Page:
It is difficult to comprehend the immense size, age and stature of the General Grant Tree, but it is easy to let your mind and spirit rise as its trunk carries your gaze toward the skies.
This tree has inspired thousands of people including the late Charles E. Lee of Sanger, California. In 1924 he visited what was then General Grant National Park, and found himself standing by the Grant Tree with a little girl. As they admired the huge tree, the girl exclaimed, "what a wonderful Christmas tree it would be!"
The idea stayed with Mr. Lee, and in 1925 he organized the first Christmas program, held at the Grant Tree at noon on Christmas Day. Mr. Lee, then secretary of the Sanger Chamber of Commerce, and Mr. R.J. Senior, president of the Chamber, conceived the idea of an annual ceremony. Mr. Lee wrote to President Calvin Coolidge, who designated the General Grant as the Nation's Christmas Tree on April 28, 1926.
At one of the early gatherings, Colonel John White, longtime Park Superintendent, expressed the feeling that brings people here year after year. "We are gathered here around a tree that is worthy of representing the spirit of America on Christmas Day. That spirit is best expressed in the plain things of life, the love of the family circle, the simple life of the out-of-doors. The tree is a pillar that is a testimony that things of the spirit transcend those of the flesh."
Some people have returned many times to rededicate themselves to the spirit of the season in the presence of this magnificent tree:
In 1976, the 50th ceremony was attended by Elizabeth Gates, who remembered the adventure of getting to the first program with her father R. J. Senior. It was a much longer, colder and more hazardous trip than today's.
Peter Beier, 27 years old at the first ceremony, still had a perfect attendance record at the 50th anniversary. He even made the trek to the tree in 1971 when a snowstorm had closed the road and the ceremony was held outside the park. He and a handful of hardy campers made it to the tree to watch as park rangers placed the traditional wreath.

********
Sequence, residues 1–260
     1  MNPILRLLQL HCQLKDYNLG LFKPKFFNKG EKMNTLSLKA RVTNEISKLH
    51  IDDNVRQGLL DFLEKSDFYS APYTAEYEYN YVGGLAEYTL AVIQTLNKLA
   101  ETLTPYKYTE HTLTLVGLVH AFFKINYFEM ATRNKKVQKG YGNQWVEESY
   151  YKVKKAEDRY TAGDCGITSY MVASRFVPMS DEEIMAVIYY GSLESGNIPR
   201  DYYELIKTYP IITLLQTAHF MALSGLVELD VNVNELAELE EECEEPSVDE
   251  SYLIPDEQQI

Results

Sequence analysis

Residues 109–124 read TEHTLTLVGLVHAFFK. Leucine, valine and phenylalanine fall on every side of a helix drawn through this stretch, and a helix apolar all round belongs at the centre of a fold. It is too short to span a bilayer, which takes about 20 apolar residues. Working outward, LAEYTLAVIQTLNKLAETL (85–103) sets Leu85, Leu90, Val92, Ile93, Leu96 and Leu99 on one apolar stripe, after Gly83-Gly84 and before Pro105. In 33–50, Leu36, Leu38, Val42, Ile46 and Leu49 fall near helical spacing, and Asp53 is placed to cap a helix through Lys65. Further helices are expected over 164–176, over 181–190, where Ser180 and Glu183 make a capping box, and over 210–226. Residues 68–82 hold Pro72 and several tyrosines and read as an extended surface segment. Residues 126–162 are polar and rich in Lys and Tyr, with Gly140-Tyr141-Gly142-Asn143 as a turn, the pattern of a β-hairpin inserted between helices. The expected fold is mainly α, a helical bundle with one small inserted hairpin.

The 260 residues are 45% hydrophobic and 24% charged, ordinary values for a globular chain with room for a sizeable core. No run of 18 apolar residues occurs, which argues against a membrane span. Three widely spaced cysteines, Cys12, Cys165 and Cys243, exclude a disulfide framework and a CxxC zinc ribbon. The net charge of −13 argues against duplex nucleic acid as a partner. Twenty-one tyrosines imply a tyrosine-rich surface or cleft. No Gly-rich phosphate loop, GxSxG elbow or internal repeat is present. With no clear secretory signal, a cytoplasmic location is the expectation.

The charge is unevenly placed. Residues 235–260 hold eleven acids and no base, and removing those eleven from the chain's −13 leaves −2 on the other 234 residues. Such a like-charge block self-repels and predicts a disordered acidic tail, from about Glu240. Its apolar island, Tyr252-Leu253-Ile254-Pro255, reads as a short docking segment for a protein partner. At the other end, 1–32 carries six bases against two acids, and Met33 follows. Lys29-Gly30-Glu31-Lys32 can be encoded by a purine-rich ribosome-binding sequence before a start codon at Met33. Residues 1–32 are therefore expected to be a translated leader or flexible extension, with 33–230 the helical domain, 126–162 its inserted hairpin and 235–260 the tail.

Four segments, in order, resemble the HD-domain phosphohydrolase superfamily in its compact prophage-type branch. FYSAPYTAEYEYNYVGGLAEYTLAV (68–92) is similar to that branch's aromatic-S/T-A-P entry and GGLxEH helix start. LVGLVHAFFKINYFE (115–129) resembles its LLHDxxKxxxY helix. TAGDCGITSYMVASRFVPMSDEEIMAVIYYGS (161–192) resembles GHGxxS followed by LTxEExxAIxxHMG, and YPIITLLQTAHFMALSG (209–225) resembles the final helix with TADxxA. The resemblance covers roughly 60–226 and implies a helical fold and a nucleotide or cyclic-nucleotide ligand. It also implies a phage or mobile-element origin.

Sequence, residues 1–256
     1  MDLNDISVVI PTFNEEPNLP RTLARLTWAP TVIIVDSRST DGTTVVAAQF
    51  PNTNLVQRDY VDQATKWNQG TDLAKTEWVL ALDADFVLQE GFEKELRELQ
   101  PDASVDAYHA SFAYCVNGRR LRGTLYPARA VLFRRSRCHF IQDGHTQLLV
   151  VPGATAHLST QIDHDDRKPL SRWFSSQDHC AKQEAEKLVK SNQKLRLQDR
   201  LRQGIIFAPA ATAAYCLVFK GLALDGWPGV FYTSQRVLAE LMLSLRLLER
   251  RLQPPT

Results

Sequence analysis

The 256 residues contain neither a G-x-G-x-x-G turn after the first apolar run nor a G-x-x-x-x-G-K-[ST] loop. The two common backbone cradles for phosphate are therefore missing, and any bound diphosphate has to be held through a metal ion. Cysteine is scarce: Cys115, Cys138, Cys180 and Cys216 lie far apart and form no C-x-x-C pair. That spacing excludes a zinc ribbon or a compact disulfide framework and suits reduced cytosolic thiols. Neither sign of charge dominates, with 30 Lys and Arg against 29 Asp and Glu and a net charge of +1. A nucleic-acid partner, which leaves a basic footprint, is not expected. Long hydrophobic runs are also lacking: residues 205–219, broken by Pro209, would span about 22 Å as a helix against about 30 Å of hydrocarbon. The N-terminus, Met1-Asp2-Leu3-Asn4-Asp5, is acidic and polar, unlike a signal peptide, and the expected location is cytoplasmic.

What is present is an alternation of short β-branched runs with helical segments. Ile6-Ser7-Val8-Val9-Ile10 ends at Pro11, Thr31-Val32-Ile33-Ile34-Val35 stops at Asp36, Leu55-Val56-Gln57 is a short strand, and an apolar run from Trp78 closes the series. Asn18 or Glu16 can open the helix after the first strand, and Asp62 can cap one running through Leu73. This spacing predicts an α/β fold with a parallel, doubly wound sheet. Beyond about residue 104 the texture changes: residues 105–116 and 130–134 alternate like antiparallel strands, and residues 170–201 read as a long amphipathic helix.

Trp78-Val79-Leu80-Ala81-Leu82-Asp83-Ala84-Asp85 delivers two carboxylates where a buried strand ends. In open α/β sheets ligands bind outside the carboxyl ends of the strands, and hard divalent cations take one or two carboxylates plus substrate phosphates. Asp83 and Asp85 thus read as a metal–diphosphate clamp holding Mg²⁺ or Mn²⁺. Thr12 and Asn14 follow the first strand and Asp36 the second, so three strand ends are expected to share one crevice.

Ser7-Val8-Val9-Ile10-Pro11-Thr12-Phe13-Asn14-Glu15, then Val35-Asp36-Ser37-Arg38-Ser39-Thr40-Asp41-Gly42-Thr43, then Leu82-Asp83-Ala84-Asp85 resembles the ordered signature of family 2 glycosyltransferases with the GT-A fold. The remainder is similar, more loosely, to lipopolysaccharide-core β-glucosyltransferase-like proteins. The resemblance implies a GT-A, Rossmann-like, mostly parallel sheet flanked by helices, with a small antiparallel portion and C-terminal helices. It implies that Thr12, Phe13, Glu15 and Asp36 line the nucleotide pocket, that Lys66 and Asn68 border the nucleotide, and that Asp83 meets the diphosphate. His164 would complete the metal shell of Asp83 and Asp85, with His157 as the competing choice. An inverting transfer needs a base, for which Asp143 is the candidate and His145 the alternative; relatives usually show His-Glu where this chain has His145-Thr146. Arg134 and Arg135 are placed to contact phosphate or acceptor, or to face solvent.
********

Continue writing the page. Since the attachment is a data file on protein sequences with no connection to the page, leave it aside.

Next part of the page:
A Sanger native who took part in the first ceremony as a child later returned to deliver the Christmas message. Jasper G. Havens was a minister in Idaho and Utah when he returned to speak in 1978. He recalled the cold trip of 1926 in the family's Model-T Ford.
In 1984, Al Saroyan, then 73, was honored at the 58th ceremony as one of the three Sanger High School trumpet players who performed at the 1926 event.
The Sanger Chamber of Commerce continues to sponsor the annual Christmas "Trek to the Tree" on the second Sunday of December at 2:30 p.m. For more information, contact them at 559 875-4575.
The General Grant Tree is a living memorial to the men and women of the United States who have given their lives in service to their country. It was proclaimed a National Shrine on March 29, 1956 by President Dwight D. Eisenhower. The official dedication was made that year on Veterans Day, November 11, by the president's personal representative, Fleet Admiral Chester Nimitz. Each year during the Christmas ceremony, park rangers place a large wreath at the base of the Grant Tree, remembering those who gave their lives.
It is fitting that a giant sequoia would be chosen as the only living national shrine. These trees (Sequoiadendron giganteum) are wondrous in many respects. They are the largest living individual things on earth. Though not the tallest, nor the widest, nor the oldest, the trunks of these monarchs occupy more space than any other single organism.
Chemical elements in the wood, along with a very thick bark, make these trees resistant to the natural fires and diseases common to Sierran forests. Their wood is so impervious to decay that piles of sawdust remain in Grant Grove's Big Stump Basin where sequoias were cut for lumber over 100 years ago. This ability helps them to survive for centuries; the oldest known sequoia lived more than 3200 years. Since they continue to grow each year, they achieve impressive sizes. The General Grant Tree, third largest of the sequoias, is over 267' tall, 40' across its base and over 107' around. Estimates of its age range from 1500 to 2000 years old. Once it was thought to be 4000 years old due to its extreme width, but scientific studies have shown that its size is due to rapid growth in an ideal location.
Each year, in all seasons, visitors can return again and again to seek renewal of spirit and experience the wonder of the natural world in Sequoia and Kings Canyon National Parks.